Posted by Word camel on October 18, 2004
In Reply to: Re: Love and Death posted by Lewis on October 18, 2004
: : : : : : : : Hi,
: : : : : : : : When talking about love which is about to end but still procrastinating or which has ended but of which sideeffect is still kickin in, how do you express the state of mind or such a situation in English? Person who is suffereing from a dying love wants to be cut-and-dried, but the result is in fact the other way around. Or, he/she wants to figure out what went wrong in the process of love but the more he/she wants to figure it out, the more confused he/she feels. Is there any word, noun, adjective, or phrase to describe the situation or the state of mind? Could you please give me sentences as examples? Thank you so much for your help!!
: : : : : : : : Non Native English Speark
: : : : : : : To carry a torch for someone is to still be in love with someone after the relationship has ended. "They have been divorced for a year but he still carries a torch for her."
: : : : : : : TO CARRY THE TORCH FOR ONE - "It is the torch of love that is understood in this modern American term, though sometimes no more than the torch of loyalty, for the 'torchbearer' is one who is loud in his praise of a friend. But the torch has long been an emblem of enlightenment and of burning devotion, and, in 1775, Richard Sheridan used the expression, 'The torch of love,' in his epilog to 'The Rivals.'" From "A Hog on Ice" by Charles Earle Funk (1948, Harper & Row, New York).
: : : : : : : Prolonging the agony. "It would be better if they had a clean break. But her ex-boyfriend prolongs the agony by calling her all the time."
: : : : : : Main Entry: 1post·mor·tem
: : : : : : Pronunciation: "pOs(t)-'mor-t&m
: : : : : : Function: adjective
: : : : : : Etymology: Latin post mortem after death
: : : : : : 1 : done, occurring, or collected after death Postmortem tissue specimens.
: : : : : : 2 : following the event
: : : : : : (Merriam-Webster)
: : : : : : "They stopped dating. She keeps wants to talk about what happened -- do a postmorten.
: : : : : The verb "to pine" would also apply here.
: : : : : VERB: Inflected forms: pined, pin·ing, pines
: : : : :
: : : : : INTRANSITIVE VERB: 1. To feel a lingering, often nostalgic desire. 2. To wither or waste away from longing or grief: "pined away and died."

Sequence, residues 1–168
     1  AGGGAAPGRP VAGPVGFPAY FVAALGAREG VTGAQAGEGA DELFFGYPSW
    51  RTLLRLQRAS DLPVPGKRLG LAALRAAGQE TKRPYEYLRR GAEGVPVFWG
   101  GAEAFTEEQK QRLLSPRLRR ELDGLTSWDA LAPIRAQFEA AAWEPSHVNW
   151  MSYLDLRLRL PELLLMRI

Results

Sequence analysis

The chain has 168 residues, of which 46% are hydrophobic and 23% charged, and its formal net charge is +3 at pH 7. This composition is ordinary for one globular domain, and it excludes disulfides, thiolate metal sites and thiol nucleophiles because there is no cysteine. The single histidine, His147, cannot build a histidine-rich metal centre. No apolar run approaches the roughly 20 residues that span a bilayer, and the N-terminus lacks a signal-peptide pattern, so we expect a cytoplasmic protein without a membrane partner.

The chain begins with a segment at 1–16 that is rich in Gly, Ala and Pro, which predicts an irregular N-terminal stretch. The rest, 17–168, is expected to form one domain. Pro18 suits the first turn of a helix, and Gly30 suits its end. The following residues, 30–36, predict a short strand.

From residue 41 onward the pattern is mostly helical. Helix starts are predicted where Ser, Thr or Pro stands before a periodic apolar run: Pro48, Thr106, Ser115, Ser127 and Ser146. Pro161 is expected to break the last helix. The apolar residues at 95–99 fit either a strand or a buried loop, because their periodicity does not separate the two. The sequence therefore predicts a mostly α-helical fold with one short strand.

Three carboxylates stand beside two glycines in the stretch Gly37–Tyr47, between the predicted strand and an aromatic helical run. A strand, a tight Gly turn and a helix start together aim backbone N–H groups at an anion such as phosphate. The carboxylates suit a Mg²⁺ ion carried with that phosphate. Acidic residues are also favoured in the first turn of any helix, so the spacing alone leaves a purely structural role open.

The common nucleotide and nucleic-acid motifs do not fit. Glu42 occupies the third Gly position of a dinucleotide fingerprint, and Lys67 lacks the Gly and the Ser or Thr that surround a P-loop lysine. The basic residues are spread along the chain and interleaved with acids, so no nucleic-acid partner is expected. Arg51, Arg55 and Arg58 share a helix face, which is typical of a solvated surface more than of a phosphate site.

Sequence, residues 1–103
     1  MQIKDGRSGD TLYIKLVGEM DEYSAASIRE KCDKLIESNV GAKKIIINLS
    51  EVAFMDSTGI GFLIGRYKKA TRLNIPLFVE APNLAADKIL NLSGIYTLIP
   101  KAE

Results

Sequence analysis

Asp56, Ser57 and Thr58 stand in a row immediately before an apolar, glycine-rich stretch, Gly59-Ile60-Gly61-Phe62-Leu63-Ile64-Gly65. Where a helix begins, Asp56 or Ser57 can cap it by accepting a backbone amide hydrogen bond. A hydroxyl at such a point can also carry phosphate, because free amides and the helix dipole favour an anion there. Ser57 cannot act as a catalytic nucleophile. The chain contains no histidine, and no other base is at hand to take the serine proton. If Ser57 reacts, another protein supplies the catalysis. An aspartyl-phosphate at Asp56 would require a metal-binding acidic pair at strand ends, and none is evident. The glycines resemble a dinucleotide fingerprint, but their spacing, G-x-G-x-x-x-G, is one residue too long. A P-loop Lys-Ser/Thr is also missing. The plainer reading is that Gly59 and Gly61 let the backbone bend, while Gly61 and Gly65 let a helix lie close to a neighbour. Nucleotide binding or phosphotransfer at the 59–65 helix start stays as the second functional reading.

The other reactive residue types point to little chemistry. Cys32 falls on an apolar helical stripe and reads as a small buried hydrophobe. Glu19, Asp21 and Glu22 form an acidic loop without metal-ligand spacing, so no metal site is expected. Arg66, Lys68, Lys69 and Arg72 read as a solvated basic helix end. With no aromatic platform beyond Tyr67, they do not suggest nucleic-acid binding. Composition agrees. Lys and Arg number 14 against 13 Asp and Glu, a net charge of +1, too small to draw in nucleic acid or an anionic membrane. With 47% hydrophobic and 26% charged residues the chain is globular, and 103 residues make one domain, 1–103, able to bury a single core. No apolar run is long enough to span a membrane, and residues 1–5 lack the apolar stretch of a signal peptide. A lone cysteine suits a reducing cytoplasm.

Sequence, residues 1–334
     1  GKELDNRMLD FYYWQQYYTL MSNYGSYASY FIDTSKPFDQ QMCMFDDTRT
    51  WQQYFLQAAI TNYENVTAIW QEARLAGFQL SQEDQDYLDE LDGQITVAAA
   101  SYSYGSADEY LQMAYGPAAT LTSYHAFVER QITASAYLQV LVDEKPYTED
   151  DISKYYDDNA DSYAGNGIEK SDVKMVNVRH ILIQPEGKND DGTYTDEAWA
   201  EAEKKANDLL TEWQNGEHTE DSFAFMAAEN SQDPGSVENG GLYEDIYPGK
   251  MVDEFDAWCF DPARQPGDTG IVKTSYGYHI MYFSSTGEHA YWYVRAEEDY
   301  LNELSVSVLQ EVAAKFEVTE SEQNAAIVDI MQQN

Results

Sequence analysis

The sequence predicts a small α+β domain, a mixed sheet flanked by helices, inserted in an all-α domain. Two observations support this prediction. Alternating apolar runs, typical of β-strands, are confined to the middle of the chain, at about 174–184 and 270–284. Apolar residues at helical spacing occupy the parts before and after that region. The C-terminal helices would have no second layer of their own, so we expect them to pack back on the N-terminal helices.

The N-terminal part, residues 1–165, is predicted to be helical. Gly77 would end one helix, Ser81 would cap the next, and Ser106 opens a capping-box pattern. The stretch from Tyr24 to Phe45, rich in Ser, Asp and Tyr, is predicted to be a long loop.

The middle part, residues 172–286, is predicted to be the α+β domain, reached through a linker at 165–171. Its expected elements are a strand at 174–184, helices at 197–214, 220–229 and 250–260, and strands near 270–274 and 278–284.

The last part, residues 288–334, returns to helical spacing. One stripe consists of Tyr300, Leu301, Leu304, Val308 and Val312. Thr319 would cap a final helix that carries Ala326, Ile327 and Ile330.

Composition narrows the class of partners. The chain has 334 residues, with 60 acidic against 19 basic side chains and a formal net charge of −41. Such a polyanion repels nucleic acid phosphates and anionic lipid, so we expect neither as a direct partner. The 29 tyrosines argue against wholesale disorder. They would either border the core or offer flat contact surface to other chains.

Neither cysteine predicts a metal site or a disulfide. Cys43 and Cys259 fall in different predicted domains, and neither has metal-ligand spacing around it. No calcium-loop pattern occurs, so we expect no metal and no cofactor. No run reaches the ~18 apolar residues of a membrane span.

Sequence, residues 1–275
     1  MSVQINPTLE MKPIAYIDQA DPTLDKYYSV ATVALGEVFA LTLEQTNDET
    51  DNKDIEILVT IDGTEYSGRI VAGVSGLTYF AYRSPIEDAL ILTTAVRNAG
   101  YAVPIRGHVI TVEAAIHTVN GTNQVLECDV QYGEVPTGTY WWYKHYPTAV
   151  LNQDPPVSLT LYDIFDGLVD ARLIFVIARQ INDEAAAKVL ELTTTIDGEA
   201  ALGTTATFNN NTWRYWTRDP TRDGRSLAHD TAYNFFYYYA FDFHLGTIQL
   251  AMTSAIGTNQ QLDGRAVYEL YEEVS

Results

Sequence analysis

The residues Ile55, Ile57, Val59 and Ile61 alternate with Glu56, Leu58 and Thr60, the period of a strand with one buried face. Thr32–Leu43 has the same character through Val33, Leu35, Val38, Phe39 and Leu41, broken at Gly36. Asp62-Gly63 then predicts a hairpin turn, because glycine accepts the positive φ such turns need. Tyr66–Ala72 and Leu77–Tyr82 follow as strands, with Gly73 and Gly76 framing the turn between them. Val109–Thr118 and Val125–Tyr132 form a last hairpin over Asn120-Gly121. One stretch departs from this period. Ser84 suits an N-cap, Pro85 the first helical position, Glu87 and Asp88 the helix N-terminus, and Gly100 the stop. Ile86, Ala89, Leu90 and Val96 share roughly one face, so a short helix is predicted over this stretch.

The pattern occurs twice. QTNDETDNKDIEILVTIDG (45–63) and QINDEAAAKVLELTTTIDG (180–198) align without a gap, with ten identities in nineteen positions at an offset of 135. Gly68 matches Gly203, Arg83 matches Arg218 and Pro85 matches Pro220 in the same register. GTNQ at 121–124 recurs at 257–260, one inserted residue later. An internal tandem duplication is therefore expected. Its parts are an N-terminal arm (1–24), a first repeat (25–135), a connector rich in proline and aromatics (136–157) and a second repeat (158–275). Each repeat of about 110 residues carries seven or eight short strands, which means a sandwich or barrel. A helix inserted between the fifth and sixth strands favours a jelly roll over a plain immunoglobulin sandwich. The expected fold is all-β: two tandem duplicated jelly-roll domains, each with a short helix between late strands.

: : : :
: : : : I think post mortem is a little too clinical. I'd suggest to mourn since what you are describing is emotional turmoil. Although it tends to be associated with death, it applies equally to lost love
: : : : mourn
: : : : \Mourn\, v. t. 1. To grieve for; to lament; to deplore; to bemoan; to bewail.
: : : : As if he mourned his rival's ill success. --Addison.
: : : : And looking over the hills, I mourn The darling who shall not return. --Emerson.
: : : : 2. To utter in a mournful manner or voice.
: : : : The lovelorn nightingale Nightly to thee her sad song mourneth well. --Milton.
: : : : Source: Webster's Revised Unabridged Dictionary, © 1996, 1998 MICRA, Inc.
: : : :
: : : : On the other hand, if it were easy to express, there'd be no need for poetry. (note to Gary: I'm not sure what the copyright situation is with this, so I'll understand if you need pull it.)
: : : : Stop all the clocks, cut off the telephone
: : : : by W. H. Auden
: : : : Stop all the clocks, cut off the telephone,
: : : : Prevent the dog from barking with a juicy bone,
: : : : Silence the pianos and with muffled drum
: : : : Bring out the coffin, let the mourners come.
: : : : Let aeroplanes circle moaning overhead
: : : : Scribbling on the sky the message He Is Dead,
: : : : Put crepe bows round the white necks of the public doves,
: : : : Let the traffic policemen wear black cotton gloves.
: : : : He was my North, my South, my East and West,
: : : : My working week and my Sunday rest,
: : : : My noon, my midnight, my talk, my song;
: : : : I thought that love would last for ever: I was wrong.
: : : : The stars are not wanted now: put out every one;
: : : : Pack up the moon and dismantle the sun;
: : : : Pour away the ocean and sweep up the wood.
: : : : For nothing now can ever come to any good.
: : : : by W. H. Auden
: : : Gee, I was going to quote lyrics from "Smoke Gets in Your Eyes," but it feels so trivial now.
: : That probably would have been more appropriate.
: : Camel
: : Who hadn't had her morning coffee
: I think most of us saw "Four Weddings and a Funeral"...
: Wasn't "Love and Death" a Woody Allen film - thus I am justified in mentioning the remarks
: "I don't fear death - I just just want to be somewhere else when it happens".
: "It's not just a right hand, it's a whole relationship."
I think most of us saw "Four Weddings and a Funeral"...
And yet they keep making the same film over and over and over and...